The ideal solution implements DfX in the aforementioned four-step approach.
1. Diagnose the Needs
The goal is to understand the factors design teams should consider in product development and identify parts of the process that are prone to re-work. In order to answer these questions, the following activities are recommended.
- Process mapping
- Critical-to-quality trees
- DfX readiness assessment
2. Develop DfX Tools and Processes
The goal is to leverage learnings from the diagnostics phase to build DfX tools and supporting processes that will enable product development teams to collaboratively design new products.
- Define purpose, goal, and objective of each tool.
- Leverage the knowledge of each department to define the checklist of design considerations.
- Incorporate other functional departments earlier into the design phase.
- Identify and assemble a DfX team to champion and promote the initiative throughout the implementation.
- Introduce metrics that measure design and business performance.
- Develop high-impact management and communication routines to promote DfX and its importance to the corporate culture.
- Establish sustainability routines such as audits and frequent program reviews to assess improvements and implement changes as necessary.
3. Implement the DfX Tools and Process
The goal is to use the developed DfX tool and processes within the context of product development projects. The ideal approach gradually brings teams into DfX as they begin new projects over the course of a year. Best practice is to conduct a pilot phase with a selected project to gain insights about tool usage and make any refinements as needed. Activities include:
- Conducting kickoff meetings with executive sponsorship
- Training all departments involved with product development in the purpose and use of the DfX tools and processes
- Initiating management and communication routines to enable change management and raise awareness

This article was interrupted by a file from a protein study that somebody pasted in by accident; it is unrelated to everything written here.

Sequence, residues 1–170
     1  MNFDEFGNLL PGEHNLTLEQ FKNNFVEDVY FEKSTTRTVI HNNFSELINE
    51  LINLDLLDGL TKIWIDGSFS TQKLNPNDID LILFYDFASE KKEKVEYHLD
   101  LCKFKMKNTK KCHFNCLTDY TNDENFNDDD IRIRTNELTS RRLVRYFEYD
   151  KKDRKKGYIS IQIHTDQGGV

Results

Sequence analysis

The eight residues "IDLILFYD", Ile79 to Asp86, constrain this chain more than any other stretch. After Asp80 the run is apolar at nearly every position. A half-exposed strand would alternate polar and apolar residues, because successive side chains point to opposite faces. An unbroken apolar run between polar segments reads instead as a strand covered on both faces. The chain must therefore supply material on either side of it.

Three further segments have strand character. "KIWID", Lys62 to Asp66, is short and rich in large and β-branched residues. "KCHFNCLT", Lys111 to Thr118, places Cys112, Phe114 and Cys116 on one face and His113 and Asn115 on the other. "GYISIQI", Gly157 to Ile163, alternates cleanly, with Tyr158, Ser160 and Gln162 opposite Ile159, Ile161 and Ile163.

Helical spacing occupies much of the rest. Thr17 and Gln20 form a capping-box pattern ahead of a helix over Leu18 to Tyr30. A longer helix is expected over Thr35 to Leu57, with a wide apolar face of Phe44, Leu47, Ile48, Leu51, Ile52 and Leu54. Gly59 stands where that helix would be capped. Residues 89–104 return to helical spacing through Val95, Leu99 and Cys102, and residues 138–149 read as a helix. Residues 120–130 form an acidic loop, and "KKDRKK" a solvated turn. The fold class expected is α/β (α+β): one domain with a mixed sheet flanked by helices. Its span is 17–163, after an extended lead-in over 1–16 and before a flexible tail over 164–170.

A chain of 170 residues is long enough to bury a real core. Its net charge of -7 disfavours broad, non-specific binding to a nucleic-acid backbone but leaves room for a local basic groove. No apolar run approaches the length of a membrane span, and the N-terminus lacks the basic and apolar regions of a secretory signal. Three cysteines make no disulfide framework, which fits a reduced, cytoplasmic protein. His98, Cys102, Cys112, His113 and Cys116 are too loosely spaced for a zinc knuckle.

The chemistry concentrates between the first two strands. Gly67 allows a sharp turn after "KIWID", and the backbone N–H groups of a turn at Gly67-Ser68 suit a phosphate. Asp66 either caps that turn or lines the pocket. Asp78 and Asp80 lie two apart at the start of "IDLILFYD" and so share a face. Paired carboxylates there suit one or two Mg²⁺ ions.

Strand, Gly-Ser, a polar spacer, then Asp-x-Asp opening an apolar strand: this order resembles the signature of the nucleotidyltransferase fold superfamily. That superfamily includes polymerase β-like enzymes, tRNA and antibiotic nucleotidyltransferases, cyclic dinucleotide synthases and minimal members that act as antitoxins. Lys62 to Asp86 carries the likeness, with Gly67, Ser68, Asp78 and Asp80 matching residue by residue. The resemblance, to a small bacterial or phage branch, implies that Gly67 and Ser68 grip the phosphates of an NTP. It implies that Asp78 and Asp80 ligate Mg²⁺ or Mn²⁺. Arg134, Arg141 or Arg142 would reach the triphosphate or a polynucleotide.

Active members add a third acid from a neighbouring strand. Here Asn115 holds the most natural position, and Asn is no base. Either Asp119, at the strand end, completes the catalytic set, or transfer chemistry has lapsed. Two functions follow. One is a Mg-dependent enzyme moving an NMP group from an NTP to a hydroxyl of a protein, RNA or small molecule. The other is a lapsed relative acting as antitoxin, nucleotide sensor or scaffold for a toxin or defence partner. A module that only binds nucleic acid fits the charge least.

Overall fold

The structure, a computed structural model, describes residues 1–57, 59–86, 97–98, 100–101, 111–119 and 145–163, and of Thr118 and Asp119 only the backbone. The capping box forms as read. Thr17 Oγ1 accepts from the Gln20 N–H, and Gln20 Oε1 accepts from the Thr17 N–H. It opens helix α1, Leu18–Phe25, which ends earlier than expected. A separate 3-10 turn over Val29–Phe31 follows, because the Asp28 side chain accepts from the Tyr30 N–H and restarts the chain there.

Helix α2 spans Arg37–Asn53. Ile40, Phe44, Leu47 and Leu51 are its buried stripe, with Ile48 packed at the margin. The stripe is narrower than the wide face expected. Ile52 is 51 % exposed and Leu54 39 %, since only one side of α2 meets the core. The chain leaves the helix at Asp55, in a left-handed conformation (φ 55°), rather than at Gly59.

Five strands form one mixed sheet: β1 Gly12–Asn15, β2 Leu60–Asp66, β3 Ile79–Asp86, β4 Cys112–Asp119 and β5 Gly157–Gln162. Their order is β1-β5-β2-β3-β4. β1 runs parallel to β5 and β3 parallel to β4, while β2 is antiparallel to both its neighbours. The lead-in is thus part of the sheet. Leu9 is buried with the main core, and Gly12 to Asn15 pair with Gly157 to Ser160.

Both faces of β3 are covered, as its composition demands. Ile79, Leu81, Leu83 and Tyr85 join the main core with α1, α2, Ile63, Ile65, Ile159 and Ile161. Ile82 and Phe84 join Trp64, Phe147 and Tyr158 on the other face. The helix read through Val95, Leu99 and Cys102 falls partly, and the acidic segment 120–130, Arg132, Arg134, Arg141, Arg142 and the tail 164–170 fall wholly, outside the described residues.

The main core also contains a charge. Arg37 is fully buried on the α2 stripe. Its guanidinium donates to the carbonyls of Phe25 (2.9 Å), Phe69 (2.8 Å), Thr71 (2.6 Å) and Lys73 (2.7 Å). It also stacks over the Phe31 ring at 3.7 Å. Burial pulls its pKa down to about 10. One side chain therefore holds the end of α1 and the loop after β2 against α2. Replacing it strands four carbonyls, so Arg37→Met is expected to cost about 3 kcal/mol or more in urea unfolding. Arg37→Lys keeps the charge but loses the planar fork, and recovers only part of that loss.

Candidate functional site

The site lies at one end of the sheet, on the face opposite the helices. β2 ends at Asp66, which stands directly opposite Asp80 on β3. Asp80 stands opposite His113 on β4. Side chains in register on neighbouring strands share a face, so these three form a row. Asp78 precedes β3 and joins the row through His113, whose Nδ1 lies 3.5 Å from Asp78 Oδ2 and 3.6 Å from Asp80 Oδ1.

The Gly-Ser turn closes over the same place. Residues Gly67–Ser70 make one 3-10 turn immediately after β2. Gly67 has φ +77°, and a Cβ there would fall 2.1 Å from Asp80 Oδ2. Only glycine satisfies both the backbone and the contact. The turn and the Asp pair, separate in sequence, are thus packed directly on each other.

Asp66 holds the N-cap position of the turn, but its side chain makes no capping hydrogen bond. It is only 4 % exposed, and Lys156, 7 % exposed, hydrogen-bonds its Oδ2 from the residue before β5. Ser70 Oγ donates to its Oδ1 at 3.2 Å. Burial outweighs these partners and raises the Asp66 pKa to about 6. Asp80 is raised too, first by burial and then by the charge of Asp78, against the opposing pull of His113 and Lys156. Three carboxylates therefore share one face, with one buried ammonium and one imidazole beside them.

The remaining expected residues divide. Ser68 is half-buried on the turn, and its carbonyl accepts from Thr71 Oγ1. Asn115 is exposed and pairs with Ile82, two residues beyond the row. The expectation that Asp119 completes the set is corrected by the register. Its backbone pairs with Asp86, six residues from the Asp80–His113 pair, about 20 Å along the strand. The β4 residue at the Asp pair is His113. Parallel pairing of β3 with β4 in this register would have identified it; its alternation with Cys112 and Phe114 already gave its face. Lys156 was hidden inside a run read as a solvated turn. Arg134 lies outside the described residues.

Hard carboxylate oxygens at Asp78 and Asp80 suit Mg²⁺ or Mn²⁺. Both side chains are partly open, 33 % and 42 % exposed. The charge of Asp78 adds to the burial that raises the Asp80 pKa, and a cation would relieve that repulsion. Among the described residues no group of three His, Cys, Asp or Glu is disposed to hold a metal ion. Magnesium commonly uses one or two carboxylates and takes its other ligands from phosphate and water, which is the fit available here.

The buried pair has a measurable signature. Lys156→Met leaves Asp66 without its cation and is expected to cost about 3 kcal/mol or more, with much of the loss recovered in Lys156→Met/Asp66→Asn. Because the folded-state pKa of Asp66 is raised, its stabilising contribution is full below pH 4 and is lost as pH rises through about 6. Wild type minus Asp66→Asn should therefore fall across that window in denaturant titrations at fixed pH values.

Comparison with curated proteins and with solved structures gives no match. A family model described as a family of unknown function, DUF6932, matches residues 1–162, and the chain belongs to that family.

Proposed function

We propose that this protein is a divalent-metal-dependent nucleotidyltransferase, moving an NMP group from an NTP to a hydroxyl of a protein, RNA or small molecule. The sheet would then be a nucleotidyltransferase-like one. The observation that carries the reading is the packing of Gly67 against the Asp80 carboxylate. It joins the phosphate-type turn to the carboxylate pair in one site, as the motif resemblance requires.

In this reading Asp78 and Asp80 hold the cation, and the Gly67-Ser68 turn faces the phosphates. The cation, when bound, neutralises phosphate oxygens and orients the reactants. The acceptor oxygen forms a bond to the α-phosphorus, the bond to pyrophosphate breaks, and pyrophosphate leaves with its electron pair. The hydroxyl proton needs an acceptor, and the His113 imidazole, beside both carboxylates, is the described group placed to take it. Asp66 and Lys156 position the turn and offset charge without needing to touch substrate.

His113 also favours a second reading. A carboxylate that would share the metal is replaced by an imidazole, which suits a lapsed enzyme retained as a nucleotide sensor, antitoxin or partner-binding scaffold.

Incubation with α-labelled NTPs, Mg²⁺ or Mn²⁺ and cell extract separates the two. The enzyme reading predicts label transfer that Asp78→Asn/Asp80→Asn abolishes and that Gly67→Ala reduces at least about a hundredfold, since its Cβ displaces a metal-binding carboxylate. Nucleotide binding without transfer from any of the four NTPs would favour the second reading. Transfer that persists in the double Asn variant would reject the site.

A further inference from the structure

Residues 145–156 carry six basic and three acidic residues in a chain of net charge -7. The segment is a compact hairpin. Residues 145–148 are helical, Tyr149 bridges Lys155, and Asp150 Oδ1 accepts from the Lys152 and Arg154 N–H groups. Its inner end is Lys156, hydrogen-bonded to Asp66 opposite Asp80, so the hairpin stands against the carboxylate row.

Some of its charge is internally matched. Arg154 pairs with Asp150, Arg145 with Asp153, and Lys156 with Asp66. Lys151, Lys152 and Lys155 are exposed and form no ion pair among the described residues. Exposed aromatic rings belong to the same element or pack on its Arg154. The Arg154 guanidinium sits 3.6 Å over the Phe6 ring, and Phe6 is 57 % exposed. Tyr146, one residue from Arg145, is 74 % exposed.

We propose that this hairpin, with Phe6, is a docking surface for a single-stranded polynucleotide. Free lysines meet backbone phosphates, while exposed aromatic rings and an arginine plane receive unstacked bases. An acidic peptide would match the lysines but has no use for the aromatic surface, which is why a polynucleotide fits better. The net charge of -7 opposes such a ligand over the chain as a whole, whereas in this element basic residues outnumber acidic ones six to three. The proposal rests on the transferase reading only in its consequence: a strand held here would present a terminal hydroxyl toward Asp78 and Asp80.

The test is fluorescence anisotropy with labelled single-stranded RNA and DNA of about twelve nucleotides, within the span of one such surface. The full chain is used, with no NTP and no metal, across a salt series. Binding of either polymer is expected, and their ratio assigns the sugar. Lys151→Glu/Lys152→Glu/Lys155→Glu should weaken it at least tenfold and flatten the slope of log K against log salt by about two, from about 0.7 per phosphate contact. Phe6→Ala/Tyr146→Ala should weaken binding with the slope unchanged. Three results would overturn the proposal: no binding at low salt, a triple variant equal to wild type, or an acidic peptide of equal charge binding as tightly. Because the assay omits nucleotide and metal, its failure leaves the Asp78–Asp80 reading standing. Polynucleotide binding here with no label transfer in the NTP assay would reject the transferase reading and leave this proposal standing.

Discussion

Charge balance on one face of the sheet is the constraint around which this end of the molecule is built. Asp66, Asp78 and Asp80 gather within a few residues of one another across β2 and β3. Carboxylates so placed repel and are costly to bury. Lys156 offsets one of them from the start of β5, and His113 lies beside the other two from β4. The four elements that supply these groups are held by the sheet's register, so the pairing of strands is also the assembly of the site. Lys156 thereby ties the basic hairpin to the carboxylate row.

4. Sustain and Continuously Improve the Design Process
While implementation is underway, it is critical to maintain a constant state of evaluation and improvement. Auditing results and holding DfX team meetings to align areas of opportunity and needed changes are recommended. Continuous improvement is critical to ensure that the tools being used are evolving and remaining relevant as business and design needs change.
As competition grows stronger, issues involving speed, cost, and quality will continue to rise to the forefront of executives’ minds. Medical device organizations need a holistic approach that incorporates inputs from subject-matter experts early in the design phases to proactively prevent product design issues. While a set of tools and process are critical to enable DfX, it is even more important that executives promote DfX and take a role in managing the change. Consider this methodology and the significant advantage it will bring to the facilities during these increasingly competitive times.
Adrienne Trangle-Pelleg is a director with Tefen USA. She brings with her over 20 years of experience in operations management with direct P&L responsibilities at a major Fortune 500 company, and many years of Six Sigma and Lean implementations. Additional strong competencies include strategy, finance, organizational effectiveness and change management, and operational excellence in both manufacturing and transactional environments. Trangle-Pelleg holds an MBA with a finance and management focus.